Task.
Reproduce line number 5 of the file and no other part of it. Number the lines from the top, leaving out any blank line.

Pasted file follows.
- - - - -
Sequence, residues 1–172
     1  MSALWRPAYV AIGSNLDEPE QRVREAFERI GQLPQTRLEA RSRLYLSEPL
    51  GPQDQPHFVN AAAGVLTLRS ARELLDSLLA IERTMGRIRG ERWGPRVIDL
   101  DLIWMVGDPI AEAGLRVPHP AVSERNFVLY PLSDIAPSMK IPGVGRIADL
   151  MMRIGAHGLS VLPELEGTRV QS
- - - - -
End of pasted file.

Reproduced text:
   151  MMRIGAHGLS VLPELEGTRV QS